The Long Reign of the Latin Bible

The Long Reign of the Latin Bible

For over one thousand years, the only Bible available in Western Europe was the Vulgate (meaning ‘in the vernacular’ or ‘in the language of the people’). This was St Jerome’s (c. 340-420) translation from the original biblical languages, Hebrew and Greek, into Latin, the spoken language of Italy and the Roman Empire. Jerome’s translation was one of  Western Christianity’s watershed events. The Vulgate has arguably been the most influential of all versions of Scripture, having been used by the Roman Catholic Church exclusively throughout its history until modern times.

Even after Latin ceased to be spoken or understood by ordinary people, the Vulgate retained exclusive status and authority in the Roman Catholic Church. Although understood only by a small minority of people in the Church and in society who could speak and write Latin, it remained the sole permitted Bible of the Church with a virtually sacred aura.

The Vulgate was first printed in 1455, by Johannes Gutenberg (c. 1397-1468) at Mainz in Germany (one of the 21 surviving complete copies is in the National Library of Scotland). Until the invention of printing, the Vulgate was copied by scribes, who could take months to complete just one copy.

A clandestine version of the Vulgate Bible in English circulated in manuscript form in England and parts of Scotland from the fourteenth century. This was associated with the names of John Wycliffe (c. 1330-1384) and John Purvey (c. 1354-1414), religious dissenters.

The Wycliffe Bible was groundbreaking and the first complete Bible in English. Done before printing with moveable type was invented, the texts circulated in manuscript form and many Wycliffite Bibles were miniatures to enhance their portability for use by itinerant preachers.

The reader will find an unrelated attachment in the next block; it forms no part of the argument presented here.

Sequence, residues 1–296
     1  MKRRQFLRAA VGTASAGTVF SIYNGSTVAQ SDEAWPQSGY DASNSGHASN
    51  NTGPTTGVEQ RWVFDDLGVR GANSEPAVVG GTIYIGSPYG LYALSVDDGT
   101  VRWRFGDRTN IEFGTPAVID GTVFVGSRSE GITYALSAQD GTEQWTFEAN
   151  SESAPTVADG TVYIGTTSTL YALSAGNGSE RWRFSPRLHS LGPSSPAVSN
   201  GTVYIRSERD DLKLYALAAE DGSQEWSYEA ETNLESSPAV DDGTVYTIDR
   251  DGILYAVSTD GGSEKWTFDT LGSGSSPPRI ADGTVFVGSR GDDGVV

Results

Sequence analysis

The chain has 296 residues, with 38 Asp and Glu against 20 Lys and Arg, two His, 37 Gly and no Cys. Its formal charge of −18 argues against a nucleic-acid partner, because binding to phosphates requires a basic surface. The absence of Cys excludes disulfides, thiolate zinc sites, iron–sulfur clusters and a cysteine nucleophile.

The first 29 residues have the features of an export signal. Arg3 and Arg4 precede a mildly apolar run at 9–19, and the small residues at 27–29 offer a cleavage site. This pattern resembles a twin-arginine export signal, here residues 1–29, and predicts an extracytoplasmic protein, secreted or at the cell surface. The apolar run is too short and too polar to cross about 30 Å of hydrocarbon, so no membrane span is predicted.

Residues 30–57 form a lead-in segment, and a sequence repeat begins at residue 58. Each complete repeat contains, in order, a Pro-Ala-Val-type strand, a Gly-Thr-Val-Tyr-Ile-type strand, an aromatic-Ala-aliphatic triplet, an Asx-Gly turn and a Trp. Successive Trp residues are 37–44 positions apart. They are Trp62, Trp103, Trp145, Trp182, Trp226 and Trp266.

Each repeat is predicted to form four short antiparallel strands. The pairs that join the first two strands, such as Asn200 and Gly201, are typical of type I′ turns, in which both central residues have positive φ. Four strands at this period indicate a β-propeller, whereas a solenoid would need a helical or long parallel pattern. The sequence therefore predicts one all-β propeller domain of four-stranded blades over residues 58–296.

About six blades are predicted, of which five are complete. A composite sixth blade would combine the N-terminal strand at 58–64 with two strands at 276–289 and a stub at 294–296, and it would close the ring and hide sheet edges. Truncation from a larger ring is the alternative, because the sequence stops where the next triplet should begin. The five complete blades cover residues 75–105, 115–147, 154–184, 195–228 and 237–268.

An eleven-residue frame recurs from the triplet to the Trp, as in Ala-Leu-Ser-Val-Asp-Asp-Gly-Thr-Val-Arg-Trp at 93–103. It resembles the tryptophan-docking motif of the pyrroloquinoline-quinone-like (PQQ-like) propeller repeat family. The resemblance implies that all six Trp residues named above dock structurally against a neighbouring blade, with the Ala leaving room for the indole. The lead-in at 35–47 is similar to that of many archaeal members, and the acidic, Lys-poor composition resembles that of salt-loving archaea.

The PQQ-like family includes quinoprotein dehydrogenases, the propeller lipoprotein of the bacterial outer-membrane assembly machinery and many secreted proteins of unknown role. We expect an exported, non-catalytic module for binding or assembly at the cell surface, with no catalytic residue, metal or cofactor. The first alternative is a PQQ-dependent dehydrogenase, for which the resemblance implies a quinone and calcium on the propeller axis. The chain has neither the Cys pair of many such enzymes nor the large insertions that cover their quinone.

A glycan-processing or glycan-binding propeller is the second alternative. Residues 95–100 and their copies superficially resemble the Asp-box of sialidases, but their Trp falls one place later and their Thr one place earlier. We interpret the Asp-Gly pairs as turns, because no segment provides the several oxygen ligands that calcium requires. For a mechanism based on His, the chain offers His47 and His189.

Wycliffe was a controversial theologian who systematically attacked the abuses, some doctrines and practices of the medieval Church, insisting that it should give up its worldly wealth. His teachings were condemned by the Pope and the English Catholic Church and he was declared heretical by the Church Council of Constance in 1415.

His controversial views were propagated by the Lollards, a heretical group remarkable for its demand to read the Bible in English. Yet since Wycliffe’s Bible was translated from the Latin Vulgate, it was of little interest to the later Reformers and classical scholars who wished to ‘get back to the original sources’ of Hebrew and Greek.

 

Bible. Latin. Paris, second quarter of the 13th century. Manuscript on vellum.
Bible. Latin. Paris, second quarter of the 13th century. Manuscript on vellum.
Bible. Latin. North-East Italy, third quarter of the 13th century. Manuscript on vellum.
Bible. Latin. North-East Italy, third quarter of the 13th century. Manuscript on vellum.
Bible. Latin. Venice, 1480.
Bible. Latin. Venice, 1480.
Bible. New Testament. English. England, late 14th Century. Wycliffe Translation.
Bible. New Testament. English. England, late 14th Century. Wycliffe Translation.

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